Amazon has admitted to sending Ring surveillance footage to police on 11 occasions this year without the permission from its users. The videos were disclosed in cases where "Ring made a good-faith determination that there was an imminent danger of death or serious physical injury to a person requiring disclosure of information without delay," said Amazon's vice president of public policy, Brian Huseman, in a letter to Senator Edward Markey of Massachusetts.
The letter was sent in response to the senator questioning Ring's video surveillance practices last month and their growing relationship with police. Senator Markey has been critical of the surveillance companies partnership with law enforcement and has been looking into it for some time now.
“As my ongoing investigation into Amazon illustrates, it has become increasingly difficult for the public to move, assemble, and converse in public without being tracked and recorded,” stated Markey.
Amazon is partnered with 2,161 police departments through an app called Neighbors, where users can post their Ring surveillance footage. Police can then send alerts and request videos by using the same app.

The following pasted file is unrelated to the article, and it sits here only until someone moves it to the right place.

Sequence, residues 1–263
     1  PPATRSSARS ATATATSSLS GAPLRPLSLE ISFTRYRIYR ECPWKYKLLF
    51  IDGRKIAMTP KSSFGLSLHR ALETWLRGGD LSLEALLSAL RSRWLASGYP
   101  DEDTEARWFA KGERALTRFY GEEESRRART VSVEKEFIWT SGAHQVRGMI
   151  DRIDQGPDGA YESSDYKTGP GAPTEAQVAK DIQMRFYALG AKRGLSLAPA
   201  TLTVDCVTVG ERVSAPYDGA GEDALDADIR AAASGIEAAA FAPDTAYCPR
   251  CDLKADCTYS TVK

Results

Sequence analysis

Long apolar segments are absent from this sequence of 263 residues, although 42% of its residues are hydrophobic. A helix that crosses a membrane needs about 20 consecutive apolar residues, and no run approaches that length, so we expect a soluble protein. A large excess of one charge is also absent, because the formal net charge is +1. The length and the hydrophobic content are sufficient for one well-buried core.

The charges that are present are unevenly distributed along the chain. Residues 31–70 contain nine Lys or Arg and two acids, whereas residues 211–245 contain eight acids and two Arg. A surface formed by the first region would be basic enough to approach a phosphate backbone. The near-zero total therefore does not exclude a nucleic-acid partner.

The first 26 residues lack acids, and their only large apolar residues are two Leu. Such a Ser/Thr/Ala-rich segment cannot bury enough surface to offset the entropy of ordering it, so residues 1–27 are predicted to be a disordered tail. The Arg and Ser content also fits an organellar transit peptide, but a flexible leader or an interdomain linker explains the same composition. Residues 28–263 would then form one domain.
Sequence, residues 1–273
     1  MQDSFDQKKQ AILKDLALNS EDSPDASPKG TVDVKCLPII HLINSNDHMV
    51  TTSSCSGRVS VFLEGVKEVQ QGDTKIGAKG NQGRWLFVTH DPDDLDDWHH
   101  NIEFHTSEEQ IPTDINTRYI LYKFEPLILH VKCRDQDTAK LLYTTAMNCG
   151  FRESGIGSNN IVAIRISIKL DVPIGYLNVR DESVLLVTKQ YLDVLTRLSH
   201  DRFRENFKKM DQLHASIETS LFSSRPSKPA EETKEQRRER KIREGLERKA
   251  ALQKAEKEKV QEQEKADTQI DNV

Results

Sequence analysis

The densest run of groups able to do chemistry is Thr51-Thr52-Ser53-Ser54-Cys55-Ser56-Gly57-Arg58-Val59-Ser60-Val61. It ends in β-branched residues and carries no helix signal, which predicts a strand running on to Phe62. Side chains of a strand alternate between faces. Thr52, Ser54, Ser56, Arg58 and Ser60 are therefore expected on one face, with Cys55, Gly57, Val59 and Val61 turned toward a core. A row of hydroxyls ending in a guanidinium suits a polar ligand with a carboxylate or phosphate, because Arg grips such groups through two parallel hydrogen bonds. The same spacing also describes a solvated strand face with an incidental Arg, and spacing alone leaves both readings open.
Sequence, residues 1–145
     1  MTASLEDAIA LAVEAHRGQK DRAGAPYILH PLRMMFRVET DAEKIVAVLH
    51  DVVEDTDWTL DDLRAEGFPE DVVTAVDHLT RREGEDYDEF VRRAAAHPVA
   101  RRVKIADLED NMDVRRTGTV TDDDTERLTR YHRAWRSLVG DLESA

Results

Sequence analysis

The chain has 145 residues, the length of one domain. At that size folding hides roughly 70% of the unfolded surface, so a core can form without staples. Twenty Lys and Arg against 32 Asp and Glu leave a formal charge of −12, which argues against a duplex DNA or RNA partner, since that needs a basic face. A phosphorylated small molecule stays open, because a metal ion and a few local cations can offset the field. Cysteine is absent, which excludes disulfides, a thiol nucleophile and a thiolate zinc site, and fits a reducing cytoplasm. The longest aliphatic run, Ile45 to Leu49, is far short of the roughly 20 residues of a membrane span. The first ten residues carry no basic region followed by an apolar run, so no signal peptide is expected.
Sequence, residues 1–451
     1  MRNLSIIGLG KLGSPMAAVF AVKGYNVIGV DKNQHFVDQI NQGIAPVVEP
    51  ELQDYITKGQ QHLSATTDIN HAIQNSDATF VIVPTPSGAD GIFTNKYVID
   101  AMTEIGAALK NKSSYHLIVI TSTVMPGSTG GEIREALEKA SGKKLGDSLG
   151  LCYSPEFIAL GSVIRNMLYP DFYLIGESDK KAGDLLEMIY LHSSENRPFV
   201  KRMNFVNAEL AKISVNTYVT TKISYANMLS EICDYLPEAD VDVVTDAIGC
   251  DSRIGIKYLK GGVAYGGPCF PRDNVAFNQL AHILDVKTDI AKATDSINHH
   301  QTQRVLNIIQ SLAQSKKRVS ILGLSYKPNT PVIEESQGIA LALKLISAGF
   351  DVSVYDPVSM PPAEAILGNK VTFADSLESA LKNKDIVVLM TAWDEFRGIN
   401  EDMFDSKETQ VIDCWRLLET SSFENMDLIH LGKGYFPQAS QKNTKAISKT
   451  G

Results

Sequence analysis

Ring has defended their partnership with law enforcement by stating cops can only get access to a camera owner's recordings through the user's permission or a court order. But that has been proven to not be the case in 11 instances so far this year. The company claims they do have the right to give your footage to police in “emergencies”.
Amazon has declined to elaborate on what is considered emergencies in these situations. Ring owners who are worried about access to their cameras, should set up end-to-end encryption, according to Matthew Guariglia, a policy analyst at the Electronic Frontier Foundation.